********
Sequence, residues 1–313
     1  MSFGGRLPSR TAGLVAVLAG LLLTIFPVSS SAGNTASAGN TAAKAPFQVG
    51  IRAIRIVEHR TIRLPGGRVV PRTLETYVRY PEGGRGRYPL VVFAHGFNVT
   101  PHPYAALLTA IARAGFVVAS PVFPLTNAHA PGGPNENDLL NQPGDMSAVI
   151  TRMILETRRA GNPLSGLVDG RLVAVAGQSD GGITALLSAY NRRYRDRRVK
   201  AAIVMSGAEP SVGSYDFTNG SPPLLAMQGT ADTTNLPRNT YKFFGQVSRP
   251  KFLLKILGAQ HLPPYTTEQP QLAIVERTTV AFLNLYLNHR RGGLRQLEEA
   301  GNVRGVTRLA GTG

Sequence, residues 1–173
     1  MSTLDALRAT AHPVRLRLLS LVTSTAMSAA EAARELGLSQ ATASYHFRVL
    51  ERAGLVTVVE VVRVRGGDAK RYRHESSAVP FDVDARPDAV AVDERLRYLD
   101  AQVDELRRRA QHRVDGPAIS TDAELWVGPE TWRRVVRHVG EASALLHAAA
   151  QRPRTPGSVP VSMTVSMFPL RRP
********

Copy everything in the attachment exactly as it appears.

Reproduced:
Sequence, residues 1–313
     1  MSFGGRLPSR TAGLVAVLAG LLLTIFPVSS SAGNTASAGN TAAKAPFQVG
    51  IRAIRIVEHR TIRLPGGRVV PRTLETYVRY PEGGRGRYPL VVFAHGFNVT
   101  PHPYAALLTA IARAGFVVAS PVFPLTNAHA PGGPNENDLL NQPGDMSAVI
   151  TRMILETRRA GNPLSGLVDG RLVAVAGQSD GGITALLSAY NRRYRDRRVK
   201  AAIVMSGAEP SVGSYDFTNG SPPLLAMQGT ADTTNLPRNT YKFFGQVSRP
   251  KFLLKILGAQ HLPPYTTEQP QLAIVERTTV AFLNLYLNHR RGGLRQLEEA
   301  GNVRGVTRLA GTG

Sequence, residues 1–173
     1  MSTLDALRAT AHPVRLRLLS LVTSTAMSAA EAARELGLSQ ATASYHFRVL
    51  ERAGLVTVVE VVRVRGGDAK RYRHESSAVP FDVDARPDAV AVDERLRYLD
   101  AQVDELRRRA QHRVDGPAIS TDAELWVGPE TWRRVVRHVG EASALLHAAA
   151  QRPRTPGSVP VSMTVSMFPL RRP